Jewish Identity is a prophetic reading of the signs of the times, the fruit of a lifetime of prayer and study by Father Elias Friedman, O.C.D. The author, a Jewish convert, analyzes with scholarship and spiritual insight the great drama entailing the apostasy of the
Gentiles and the return of the Jews to Palestine. Political and Spiritual Zionism, the role of Israel in salvation history, and the self-understanding of the Jews are all treated in this book.
The new international organization founded by Father Elias, the Association of Hebrew Catholics, is an early manifestation of the spiritual insights contained in this work. In a paral-lel development, the Church, beginning with Vatican Council II, has been updating its teaching regarding Jews and Judaism. The relevant material, included in the book’s ap-pendix, bears witness to the thought of Father Elias.
Ed. The following review appeared in Fidelity, Vol 7, No 3, February 1988.
Sometimes a point of the Church’s doctrine, something kept in the mind of the Church, slips into obscurity in the sense that, in general, Catholics do not advert to it, or are ignorant of it, or even have fallen into erroneous opinions. Israel is a case in point. What is the people of Israel in the mind of the Church? This question, to all appearances, is seldom thought about by Catholics, and even more seldom thought about correctly. There is, of course, the grave matter of anti-Semitism which, incredibly and unfortunately, has even now not been extinguished among all Catholics, even after the Shoah (extermination) of most of European Jewry by Nazi Germany; even after the Second Vatican Council. More prevalent is the notion, often unartic-ulated, that there is no place for Israel in the Christian dispensation. An Israelite converts and in effect becomes ‘gentilized,’ and that’s that. The ‘purpose’ of Israel is to cease to be Israel by becoming Christian. God has revoked Israel’s standing as a chosen people, an elect nation.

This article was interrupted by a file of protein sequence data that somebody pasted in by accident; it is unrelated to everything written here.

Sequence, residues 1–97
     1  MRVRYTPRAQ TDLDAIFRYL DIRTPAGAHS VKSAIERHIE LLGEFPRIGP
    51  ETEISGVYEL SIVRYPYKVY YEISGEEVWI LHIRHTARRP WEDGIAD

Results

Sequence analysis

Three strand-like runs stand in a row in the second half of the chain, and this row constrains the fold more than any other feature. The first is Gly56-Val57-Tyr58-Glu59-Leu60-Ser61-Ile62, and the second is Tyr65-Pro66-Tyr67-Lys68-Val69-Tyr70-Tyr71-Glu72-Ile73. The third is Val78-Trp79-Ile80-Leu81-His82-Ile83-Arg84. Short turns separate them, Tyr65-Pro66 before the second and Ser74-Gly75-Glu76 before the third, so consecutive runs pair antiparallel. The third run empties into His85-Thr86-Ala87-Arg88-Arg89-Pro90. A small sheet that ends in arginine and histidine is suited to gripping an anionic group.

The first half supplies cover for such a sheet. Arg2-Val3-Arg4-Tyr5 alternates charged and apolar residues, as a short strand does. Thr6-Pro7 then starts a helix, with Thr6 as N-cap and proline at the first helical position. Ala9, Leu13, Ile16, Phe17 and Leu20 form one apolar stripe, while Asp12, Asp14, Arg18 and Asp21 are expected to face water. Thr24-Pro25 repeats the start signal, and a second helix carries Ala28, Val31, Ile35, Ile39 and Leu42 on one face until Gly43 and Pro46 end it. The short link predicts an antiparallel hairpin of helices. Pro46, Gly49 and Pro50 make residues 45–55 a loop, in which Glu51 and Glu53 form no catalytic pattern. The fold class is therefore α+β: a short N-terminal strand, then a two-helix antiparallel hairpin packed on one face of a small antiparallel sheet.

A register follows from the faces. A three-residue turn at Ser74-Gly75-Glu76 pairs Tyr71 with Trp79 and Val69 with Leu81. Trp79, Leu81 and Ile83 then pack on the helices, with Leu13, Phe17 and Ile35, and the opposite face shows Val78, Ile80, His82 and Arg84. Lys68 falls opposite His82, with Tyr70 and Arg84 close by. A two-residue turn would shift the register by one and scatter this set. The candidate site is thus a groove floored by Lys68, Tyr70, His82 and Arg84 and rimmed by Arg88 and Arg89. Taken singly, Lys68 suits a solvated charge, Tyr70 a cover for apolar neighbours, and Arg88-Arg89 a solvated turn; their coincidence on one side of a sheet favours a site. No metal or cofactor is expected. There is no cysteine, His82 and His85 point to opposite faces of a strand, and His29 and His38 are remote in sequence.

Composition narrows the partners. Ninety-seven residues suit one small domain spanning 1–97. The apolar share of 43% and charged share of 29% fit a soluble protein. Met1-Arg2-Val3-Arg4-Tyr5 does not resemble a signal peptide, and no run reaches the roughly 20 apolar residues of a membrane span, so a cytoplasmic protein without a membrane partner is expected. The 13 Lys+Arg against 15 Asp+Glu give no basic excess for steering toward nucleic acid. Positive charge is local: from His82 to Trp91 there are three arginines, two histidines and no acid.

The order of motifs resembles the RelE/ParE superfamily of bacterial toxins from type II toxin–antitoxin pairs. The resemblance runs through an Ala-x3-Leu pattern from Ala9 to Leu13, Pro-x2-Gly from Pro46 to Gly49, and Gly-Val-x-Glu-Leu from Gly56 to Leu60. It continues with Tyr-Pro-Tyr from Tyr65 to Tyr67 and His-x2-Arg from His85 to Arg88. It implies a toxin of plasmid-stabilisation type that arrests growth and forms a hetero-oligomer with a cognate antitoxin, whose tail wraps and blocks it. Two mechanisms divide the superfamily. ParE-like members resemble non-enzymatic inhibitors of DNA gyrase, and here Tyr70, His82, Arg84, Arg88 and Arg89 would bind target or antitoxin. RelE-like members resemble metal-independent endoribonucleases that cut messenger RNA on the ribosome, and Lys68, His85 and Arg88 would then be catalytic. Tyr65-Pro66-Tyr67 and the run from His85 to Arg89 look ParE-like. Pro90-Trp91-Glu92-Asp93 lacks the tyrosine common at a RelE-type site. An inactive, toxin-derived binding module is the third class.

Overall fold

Father Elias Friedman, a convert South African physician and Carmelite priest who lived on Mount Carmel until his death in 1999, disputes this anti-Semitism and this revocationism. And he is in very good company indeed. In his Epistle to the Romans, St. Paul writes, “Is it possible that God has rejected His people? Of course not … as the chosen people, they are still loved by God, loved for the sake of their ancestors.” In Nostra Aetate, the Council Fathers teach, “Even so, the apostle Paul maintains that the Jews remain very dear to God, for the sake of the patriarchs, since God does not take back the gifts He bestowed or the choice He made.” That is the mind of the Church.
But Father Friedman’s book deals with more than this single theme, important as that theme is. Rather, he deals with several: What is a Jew? What is Israel? What is the meaning of post-Christic Jewish history and survival? What evaluation should be made of Rabbinic Judaism, of Zionism? What do the signs of the times reveal? How should the Church respond to these signs?